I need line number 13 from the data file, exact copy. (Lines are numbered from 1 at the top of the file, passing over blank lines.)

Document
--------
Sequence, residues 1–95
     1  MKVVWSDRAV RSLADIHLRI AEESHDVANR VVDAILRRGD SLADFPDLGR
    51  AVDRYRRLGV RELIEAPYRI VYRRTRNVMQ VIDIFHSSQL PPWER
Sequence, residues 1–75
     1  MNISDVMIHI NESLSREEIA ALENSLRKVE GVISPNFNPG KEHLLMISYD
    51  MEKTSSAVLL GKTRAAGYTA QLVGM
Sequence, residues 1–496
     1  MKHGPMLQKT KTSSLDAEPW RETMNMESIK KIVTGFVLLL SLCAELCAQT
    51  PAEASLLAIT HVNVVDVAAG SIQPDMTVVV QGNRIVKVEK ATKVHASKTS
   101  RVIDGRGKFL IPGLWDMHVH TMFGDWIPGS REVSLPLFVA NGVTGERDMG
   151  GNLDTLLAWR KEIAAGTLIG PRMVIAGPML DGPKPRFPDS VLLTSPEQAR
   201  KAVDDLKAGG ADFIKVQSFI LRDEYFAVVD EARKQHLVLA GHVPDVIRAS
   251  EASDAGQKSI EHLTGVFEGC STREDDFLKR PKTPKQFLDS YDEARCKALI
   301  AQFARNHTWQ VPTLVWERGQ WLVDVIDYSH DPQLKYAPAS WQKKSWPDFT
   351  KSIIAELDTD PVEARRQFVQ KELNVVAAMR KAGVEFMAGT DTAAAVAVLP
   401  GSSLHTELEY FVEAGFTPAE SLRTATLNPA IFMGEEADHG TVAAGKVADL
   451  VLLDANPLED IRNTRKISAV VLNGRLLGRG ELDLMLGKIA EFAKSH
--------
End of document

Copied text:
   251  EASDAGQKSI EHLTGVFEGC STREDDFLKR PKTPKQFLDS YDEARCKALI